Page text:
I have already done extensive CAN work on this bike and isolated the RPM messages amongst others. Unfortunately the RPM is only output every 200ms and I feel like I need something more responsive for my dyno application. This was going to be my preferred method until I embarked down my current path. Just as an FYI because I know you're a CAN guy I do now have the ability to read and write the entire ECM map over CAN and I've decoded about 80% of it.

    Quote Originally Posted by jonr View Post
    You can use a lower value load resistor to reduce voltage. The big issue is that spark current is highly variable - hence the limiter circuit.

    If you want to learn/understand, I recommend putting the circuit into LTSpice.
    So am I right in heading down the V=IR path? Only knowing that I'm working in the low mA range until until I get a corresponding voltage reading on my scope. Then depending on resistor value chosen I should be able to work backwards to calculate current to make sure I'm heading in the right direction.

    And yes, the spark is highly variable and will need some kind of limiter circuit, maybe exactly like the one defragster originally linked. What I'm hoping to achieve is to first get a signal I can reliably measure and understand with my scope. Then try some circuitry with components that I do have on hand to see what improvements I can make. Once I have a comfort level with that I can move on to making a circuit that's Teensy friendly.

    I've tried LTSpice before and didn't have much success. I can't remember what I was trying to achieve though. Maybe it's time to try it again now I have something specific in mind. I can model each of my steps and compare with actual observations. Is there anything comparable to LTSpice that'll work on Linux to save me breaking out my laptop?

  11. #11
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    your RPM should be broadcasted on the bus, but if latency is an issue you can request the PID for it to receive it within 2-5Hz rates, the bus one should be broadcasted live without the requests, I would check a different ID as sometimes the RPM can be in 2 different IDs, it is on my car anyways, usually it is the cluster that limits the speed as usually it acts as a gateway, takes live input and sends it on it's own ID at a different pace, my old car did that...

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    LTSpice works great under Linux with wine.

  13. #13
    Quote Originally Posted by tonton81 View Post
    your RPM should be broadcasted on the bus, but if latency is an issue you can request the PID for it to receive it within 2-5Hz rates, the bus one should be broadcasted live without the requests, I would check a different ID as sometimes the RPM can be in 2 different IDs, it is on my car anyways, usually it is the cluster that limits the speed as usually it acts as a gateway, takes live input and sends it on it's own ID at a different pace, my old car did that...
    RPM is broadcast on the bus and I have been able to isolate the PID and that's how I know it's only at 5Hz, (200ms period). It's very possible that it's broadcast on a different PID as I haven't deciphered them all yet, (in fact only a few with certainty), but I have a complete list of PIDs transmitted. There are some PIDs transmitted at 20Hz and some at 100Hz, and one curious one at 61Hz. There is of course an input to the ECM from the coil and I wouldn't know if it's the cluster that's producing the PID I'm reading or the ECM without further testing. While I could request a PID I'm trying to avoid putting anything on the bus that isn't already there.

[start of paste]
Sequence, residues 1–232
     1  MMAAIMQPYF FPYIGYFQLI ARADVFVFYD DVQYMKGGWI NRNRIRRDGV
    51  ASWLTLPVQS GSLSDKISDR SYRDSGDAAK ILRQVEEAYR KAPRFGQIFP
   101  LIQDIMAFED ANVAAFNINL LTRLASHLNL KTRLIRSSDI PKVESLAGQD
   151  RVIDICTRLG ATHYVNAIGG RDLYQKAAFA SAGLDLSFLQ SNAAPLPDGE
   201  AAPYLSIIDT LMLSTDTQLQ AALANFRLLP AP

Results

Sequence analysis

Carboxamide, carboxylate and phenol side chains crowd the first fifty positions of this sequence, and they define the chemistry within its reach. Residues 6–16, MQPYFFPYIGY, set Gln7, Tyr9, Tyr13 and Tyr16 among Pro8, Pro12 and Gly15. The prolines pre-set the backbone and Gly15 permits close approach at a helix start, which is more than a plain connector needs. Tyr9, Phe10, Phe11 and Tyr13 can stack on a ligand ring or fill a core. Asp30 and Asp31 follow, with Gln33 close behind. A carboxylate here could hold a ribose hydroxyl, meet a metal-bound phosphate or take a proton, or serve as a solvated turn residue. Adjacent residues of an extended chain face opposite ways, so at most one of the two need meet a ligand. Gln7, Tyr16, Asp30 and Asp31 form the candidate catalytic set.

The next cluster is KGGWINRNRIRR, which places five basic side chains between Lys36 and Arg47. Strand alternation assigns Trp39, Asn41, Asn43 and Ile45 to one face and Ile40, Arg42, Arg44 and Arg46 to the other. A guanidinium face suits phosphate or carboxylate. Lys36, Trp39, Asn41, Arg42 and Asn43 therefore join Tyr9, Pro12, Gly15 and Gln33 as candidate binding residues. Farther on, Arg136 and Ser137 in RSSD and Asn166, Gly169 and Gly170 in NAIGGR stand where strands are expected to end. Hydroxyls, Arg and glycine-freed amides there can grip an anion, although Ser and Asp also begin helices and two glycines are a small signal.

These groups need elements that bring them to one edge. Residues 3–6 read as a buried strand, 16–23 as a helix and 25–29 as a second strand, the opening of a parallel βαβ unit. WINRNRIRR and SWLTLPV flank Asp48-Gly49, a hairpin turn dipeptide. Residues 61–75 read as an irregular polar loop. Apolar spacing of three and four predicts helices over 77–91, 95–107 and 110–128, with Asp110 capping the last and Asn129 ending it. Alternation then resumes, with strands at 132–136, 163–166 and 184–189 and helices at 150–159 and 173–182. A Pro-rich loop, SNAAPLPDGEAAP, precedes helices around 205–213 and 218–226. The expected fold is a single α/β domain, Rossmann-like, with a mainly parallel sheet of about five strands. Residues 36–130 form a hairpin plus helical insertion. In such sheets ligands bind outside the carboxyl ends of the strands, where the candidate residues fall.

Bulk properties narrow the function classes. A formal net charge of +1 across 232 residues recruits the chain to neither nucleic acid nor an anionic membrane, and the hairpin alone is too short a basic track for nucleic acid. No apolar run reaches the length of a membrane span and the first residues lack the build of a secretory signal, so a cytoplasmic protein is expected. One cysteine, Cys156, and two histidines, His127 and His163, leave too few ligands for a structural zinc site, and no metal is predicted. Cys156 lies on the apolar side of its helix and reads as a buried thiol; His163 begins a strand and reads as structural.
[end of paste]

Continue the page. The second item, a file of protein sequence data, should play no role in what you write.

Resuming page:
14. #14
    Quote Originally Posted by jonr View Post
    LTSpice works great under Linux with wine.
    I haven't used wine in a long time because I had issues with it. However that was many years ago so I'll give it another try! Thanks for the suggestion.

  15. #15
    I've been chipping away at this and found a great Youtube video on modeling a spark gap in LTSpice. Didn't really need to do this, but it was very useful in learning LTSpice with something I'm actually working on. I'm not sure how far I'll go with modelling the complete system but I enjoy learning new stuff. To that end I finally learned what the ubiquitous 555 timer actually does! And the purpose/operation of the thyristor in the example schematic defragster linked to. I also just read up on more of the specs of my bike's ignition system and have found that it has an Ion Sense input into the ECM that triggers on every spark, so that remains a possibility. And I've got some of the parameters of the coil itself should I decide to model that in LTSpice.

    But right now I'm thinking of switching to a capacitive pickup instead of inductive. The example schematic linked to was from Sport Devices and showed the basics of their SP1/SP3 dyno DAQ's. I'm actually working on a replacement for an SP1, but it has a capacitive pickup not inductive, so I'm not sure why their diagram shows circuitry for an inductive one. Now my question is what can I hook this kind of pickup to? I have a CAP1188 capacitive touch board from Adafruit that I've never used but won't be suitable. I've read the datasheet and the cycle time is too great for my needs, besides not knowing what capacitance levels I'll be dealing with. I've found an Arduino based dyno project (Ardyno) that has a capacitive engine RPM sensor, but they show it being grounded to the bike, (I also found a Youtube video on making a capacitive clamp for the Ardyno that also showed this grounding). There's also a schematic with a 555 timer that I'm dissecting. The clamp I have has a single lead and the SP1 has no other connection to the bike. Can I mod the Ardyno circuit to work with a non-grounded clamp? I think I've got everything to breadboard both inductive and capacitive systems, except the thyristor for the inductive circuit. From what I understand from Wikipedia I may be able to swap that out for a couple of transistors but I'll have to double check that.

  16. #16
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    I would have just taken a timing light and use the LED/bulb to create a step down signal I can use in an Arduino. Just remove the bulb and you should be able to work from there. Plenty of options to convert that into a 3.3v or whatever signal. A timing light is cheap enough that it really isn't overly complicated.

    In fact, even just disassembling one would be worth doing to see how one of those works.